Anyone can do some things well, but to become a master at a skill is quite different.
There have been entire books and coaching courses devoted to mastery. Think of Malcolm Gladwell’s bestselling book, Outliers, where among other factors, he essentially credits mastery to the 10,000 hour rule (essentially that after that many hours of practice, mastery is achieved and success is the result).
There are many theories and suggestions for mastering skills, but my experience has always been the simple three-step process outlined here. Remember, simple doesn’t mean it’s easy or fast. Simple only means that it’s the most straightforward approach to mastery.
Here are the three steps to master any skill.
1. Watch. If you want to learn how to do something, you need a teacher. Whether it’s a formal education or a mentor, you need somebody to show you how it’s done first.
As Pablo Picasso said, “learn the rules like a pro, so you can break them like an artist.”
Questions are a very good thing at this early stage in the mastery game. So is constant exposure to what you’re trying to master.
People trying to learn a new language have to learn the basics of sentence structure, tenses and building blocks or words, sounds and letters before they can start trying to speak. Builders have to apprentice, business leaders need to first intern and so on. If you want to learn how to do it, you will need to find a great teacher to show you.
2. Do. With the tools of observation and a steady, constant exposure to the skill you desire to obtain, the next step is to try it on your own with your mentor or teacher as a guide.
If you’re a builder, draw up your first framework for inspection. If you’re a leader, take charge of a project or task.
This step is crucial. No language was ever learned without speaking. No success was ever built without risk and the willingness to fail. Failure does not mean defeat unless you stop trying, and it’s in this crucial “do” stage of mastery that you must muster all your courage and be willing to stumble, fall and fail, only to stand up and try again with your mentor or teacher’s help.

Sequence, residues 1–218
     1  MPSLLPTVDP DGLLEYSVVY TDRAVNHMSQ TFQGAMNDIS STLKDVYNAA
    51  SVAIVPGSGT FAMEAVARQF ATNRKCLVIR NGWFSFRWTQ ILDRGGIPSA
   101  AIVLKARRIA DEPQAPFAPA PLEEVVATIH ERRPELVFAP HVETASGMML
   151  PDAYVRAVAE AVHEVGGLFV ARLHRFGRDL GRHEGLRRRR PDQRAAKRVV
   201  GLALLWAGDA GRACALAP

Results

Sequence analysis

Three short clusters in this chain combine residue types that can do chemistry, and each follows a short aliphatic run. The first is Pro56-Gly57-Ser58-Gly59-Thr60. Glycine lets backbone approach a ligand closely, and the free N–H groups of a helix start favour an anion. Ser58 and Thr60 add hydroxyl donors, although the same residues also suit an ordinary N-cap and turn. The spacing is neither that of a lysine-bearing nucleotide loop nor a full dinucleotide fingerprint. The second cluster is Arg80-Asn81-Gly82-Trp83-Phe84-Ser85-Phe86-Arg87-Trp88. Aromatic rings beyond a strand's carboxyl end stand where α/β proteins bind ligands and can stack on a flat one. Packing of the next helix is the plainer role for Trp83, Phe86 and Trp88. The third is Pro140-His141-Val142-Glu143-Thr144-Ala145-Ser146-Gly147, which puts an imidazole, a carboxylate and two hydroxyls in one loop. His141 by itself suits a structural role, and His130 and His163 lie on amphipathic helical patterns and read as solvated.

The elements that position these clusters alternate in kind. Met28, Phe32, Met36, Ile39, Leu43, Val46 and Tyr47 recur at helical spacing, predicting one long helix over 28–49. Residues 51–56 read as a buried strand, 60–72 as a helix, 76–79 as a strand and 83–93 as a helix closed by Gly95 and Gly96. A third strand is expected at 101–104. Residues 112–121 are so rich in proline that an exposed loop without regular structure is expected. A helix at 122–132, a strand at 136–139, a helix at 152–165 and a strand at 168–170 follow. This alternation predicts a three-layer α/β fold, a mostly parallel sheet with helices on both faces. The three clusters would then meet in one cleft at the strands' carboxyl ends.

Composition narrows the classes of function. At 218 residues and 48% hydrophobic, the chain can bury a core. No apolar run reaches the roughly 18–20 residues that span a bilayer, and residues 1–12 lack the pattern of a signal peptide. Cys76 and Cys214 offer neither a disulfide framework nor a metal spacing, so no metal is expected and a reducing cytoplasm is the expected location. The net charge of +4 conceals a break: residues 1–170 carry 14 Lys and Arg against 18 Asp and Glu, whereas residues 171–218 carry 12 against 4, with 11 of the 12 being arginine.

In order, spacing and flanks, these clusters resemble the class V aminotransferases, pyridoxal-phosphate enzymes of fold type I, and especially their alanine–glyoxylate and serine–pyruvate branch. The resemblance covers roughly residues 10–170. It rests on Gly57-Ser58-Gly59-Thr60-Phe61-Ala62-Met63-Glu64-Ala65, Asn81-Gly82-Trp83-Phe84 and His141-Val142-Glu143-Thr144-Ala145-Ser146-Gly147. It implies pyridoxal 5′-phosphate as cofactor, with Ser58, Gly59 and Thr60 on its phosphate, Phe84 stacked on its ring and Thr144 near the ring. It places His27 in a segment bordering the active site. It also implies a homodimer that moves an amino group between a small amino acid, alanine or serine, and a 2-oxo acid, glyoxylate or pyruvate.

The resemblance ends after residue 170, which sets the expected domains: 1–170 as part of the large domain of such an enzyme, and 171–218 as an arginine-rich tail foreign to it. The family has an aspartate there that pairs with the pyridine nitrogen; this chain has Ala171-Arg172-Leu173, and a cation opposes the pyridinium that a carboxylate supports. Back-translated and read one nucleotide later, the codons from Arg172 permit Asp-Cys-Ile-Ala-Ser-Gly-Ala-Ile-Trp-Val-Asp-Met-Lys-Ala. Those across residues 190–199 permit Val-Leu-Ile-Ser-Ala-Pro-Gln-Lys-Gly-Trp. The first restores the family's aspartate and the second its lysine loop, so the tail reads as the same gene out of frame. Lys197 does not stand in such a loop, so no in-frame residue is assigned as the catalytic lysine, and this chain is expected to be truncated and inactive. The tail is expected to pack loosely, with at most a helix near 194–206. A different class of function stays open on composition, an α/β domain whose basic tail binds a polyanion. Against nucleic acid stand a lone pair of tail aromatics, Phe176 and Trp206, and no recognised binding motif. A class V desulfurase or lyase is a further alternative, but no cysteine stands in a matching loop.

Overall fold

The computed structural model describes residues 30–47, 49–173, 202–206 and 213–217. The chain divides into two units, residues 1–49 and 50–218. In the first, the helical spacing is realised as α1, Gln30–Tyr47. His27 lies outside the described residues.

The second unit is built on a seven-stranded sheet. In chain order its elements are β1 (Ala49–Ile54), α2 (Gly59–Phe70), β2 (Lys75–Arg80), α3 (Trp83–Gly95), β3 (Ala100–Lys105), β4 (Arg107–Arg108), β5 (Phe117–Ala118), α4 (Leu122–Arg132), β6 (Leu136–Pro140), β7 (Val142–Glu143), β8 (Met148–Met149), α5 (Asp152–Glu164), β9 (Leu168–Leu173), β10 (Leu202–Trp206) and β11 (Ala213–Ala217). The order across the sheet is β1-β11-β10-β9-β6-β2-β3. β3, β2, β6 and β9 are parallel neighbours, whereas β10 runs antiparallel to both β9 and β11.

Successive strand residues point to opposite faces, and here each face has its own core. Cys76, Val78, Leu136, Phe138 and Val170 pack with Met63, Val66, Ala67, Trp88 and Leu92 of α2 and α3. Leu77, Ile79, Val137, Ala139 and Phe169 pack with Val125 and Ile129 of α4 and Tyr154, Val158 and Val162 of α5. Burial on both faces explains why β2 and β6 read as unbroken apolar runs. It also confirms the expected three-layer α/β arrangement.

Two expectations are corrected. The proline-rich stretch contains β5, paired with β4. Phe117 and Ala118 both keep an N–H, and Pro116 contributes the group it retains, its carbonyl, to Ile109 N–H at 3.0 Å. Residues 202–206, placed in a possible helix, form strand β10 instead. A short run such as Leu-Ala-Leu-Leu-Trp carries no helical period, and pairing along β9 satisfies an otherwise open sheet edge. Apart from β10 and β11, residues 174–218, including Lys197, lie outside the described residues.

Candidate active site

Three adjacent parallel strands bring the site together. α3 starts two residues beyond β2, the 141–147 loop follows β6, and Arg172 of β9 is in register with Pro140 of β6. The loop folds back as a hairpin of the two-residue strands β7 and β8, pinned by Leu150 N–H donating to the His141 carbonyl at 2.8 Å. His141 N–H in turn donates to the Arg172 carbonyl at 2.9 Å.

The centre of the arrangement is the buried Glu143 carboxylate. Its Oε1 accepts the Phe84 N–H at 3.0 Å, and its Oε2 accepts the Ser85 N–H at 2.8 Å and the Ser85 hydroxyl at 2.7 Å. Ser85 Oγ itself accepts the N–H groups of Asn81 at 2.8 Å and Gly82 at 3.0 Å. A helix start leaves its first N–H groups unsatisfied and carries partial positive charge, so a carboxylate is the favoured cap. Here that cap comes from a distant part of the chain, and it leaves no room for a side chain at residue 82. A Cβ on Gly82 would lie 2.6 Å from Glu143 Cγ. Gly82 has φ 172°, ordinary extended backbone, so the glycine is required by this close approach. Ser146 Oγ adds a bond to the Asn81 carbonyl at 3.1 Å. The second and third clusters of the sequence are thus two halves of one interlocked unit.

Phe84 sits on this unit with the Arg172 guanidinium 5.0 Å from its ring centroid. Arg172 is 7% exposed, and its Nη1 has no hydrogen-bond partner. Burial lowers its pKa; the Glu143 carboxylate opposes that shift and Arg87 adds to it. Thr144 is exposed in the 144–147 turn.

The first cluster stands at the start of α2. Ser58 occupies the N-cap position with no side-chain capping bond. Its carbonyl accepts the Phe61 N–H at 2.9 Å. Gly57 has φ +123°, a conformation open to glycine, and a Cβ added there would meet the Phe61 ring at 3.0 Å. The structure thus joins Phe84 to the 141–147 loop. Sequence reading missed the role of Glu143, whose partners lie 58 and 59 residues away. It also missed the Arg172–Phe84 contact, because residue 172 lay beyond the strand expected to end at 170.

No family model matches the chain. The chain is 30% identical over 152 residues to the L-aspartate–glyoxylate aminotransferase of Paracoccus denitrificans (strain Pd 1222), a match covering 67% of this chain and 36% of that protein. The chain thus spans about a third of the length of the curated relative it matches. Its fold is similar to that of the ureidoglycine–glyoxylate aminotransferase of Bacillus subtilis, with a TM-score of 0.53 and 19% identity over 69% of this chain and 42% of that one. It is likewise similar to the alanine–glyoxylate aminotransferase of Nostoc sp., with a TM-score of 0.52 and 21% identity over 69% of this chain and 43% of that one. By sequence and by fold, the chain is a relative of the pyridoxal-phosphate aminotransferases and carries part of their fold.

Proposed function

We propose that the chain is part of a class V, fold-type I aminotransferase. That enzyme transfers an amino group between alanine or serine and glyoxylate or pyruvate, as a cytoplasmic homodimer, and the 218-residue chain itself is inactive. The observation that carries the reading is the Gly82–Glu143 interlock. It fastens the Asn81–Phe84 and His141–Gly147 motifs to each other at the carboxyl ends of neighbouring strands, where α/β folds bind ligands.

Mastery comes from failing, risk and being willing to be taught as you continue to try and learn how to do it better, faster and simpler. Until that one day when you “get it.”
3. Teach. Just when you believe you’ve achieved mastery, there’s one more step. In my experience this is where so many who are close to mastery lose their footing and end up falling behind.
If you truly are good enough at your desired skill to be trusted to perform the task at hand, it’s time for you to cement your mastery by teaching. If you ever want to see how smart you really are, try to teach someone else.
Teaching ends up really teaching yourself. It teaches you adaptability, patience and to see problems and solutions in totally new ways because your students and mentees will undoubtedly ask you some questions you don’t know the answers to at first.
How can that be? You are the master of this skill, after all? Suddenly you realize we all have to keep learning and adapting to achieve mastery on an ongoing basis. Teaching is the crucial third step that will ensure you achieve and maintain mastery.